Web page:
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Dialogue on Sermons #2

The following are further edited extracts from an email dialogue that I had recently with someone who wishes to remain anonymous. It followed a talk in which I questioned the privileged status given to sermons.

Questioner:
I’ll hold my hands up and say that I’m naturally skeptical of what you’re saying because it sounds innovative…

You say: ‘None of the six references you list describe what takes place in church.’ That wasn’t my aim. My aim was to show that the formal public monologue seems to have been a key and central ministry of the Word throughout the history of God’s people. Other ministries of the Word were also key. But there seems to have been a central place for the formal public monologue.

I don’t think it’s a fair standard of proof to require that we see a clear example of a formal public monologue given to a New Testament church community in our period of salvation history to mean that it should be a necessary and central part of church life. Women taking communion has simply no New Testament case from example alone, and a weaker Old Testament case from example alone than the case for the formal public monologue …

You say: ‘None of the other monologues you describe take place in a church. Indeed they are all addressed to unbelievers.’ Would you consistently apply this by saying that the public formal monologue is therefore more appropriate for unbelievers than for believers? Would you be happy with that conclusion? And if so, to apply your own reasoning about monologue: Why would God be pleased to use more persuasive means of teaching for believers than for unbelievers? …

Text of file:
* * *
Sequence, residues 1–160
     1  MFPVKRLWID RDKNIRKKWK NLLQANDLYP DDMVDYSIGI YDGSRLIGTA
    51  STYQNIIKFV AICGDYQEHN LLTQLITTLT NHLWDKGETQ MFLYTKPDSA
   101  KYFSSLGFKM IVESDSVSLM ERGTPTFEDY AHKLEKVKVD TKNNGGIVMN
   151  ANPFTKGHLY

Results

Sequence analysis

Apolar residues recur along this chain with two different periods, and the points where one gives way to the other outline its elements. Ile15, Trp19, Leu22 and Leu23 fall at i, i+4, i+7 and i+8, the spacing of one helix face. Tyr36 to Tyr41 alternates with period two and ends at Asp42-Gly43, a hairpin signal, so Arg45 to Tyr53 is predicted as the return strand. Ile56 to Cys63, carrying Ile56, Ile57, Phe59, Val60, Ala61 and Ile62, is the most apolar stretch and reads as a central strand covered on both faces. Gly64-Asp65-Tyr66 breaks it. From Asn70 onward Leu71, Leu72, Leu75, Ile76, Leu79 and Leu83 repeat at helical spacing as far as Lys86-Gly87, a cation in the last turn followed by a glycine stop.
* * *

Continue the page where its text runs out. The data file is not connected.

My reply:
All the way through your email you argue from ‘monologues did happen or may have happened’ to ‘monologues are ‘key’ or ‘central’‘.

Here’s where you give the game away … ‘I don’t think it’s a fair standard of proof to require that we see a clear example of a formal public monologue given to a New Testament church community in our period of salvation history to mean that it should be a necessary and central part of church life.’

i.e. you agree there’s no evidence that formal public monologues took place in church. But this doesn’t mean they never took place or that they can take place today. I agree. But what we can’t then say is that they should be ‘a necessary and central part of church life’. That’s an extraordinary move. To argue from silence is one thing. But to argue move silence to a necessary and binding regulation in one go is another move altogether!

As for monologue/discussion with believers/unbelievers. I would argue that both are relevant and appropriate and seen in Acts. I just don’t see any reason to privilege one over the other.

Dialogue on Sermons #1

The following are edited extracts from an email dialogue that I had recently with someone who wishes to remain anonymous. It followed a talk in which I questioned the privileged status given to sermons. I hope my editing does justice to both sides of the argument. I’ve edited out a lot of the introductory niceties to make it more interesting for the reader, but the whole discussion was conducted in a cordial and gracious manner.

Questioner:
I was wondering if I could come back to you on one issue you mentioned: the sermon. I couldn’t tell how much you were deliberately being provocative – to promote thinking – and how much you were actually personally persuaded by what you said.

If I’ve understood you correctly, you said:
a) The sermon does not necessarily equate with Word ministry. So arguments for Word ministry aren’t arguments for the sermon per se.
b) That there is no real theological case for the sermon (as we traditionally have understood it) being a necessary part of the life of the church. Word ministry is a part, but not necessarily in the form of the sermon. Evidenced by the fact that the sermon has not always been a regular part of the life of the church historically.
c) That the sermon is not necessarily the best way to communicate truth in a way that will be thoroughly learnt/digested/applied. Certainly culturally among the people you work with. Probably true of our wider culture – at least that’s what various research tells us.
d) That you’re not ruling out the sermon. It’s just one of many possible methods of doing Word ministry. You’re just not convinced it’s always the best one. It’s not sacrosanct.

… I would personally rate the sermon much lower on my list of teaching methods. If I was persuaded by a), b) and c), then I would probably fashion the way I do Word ministry very differently …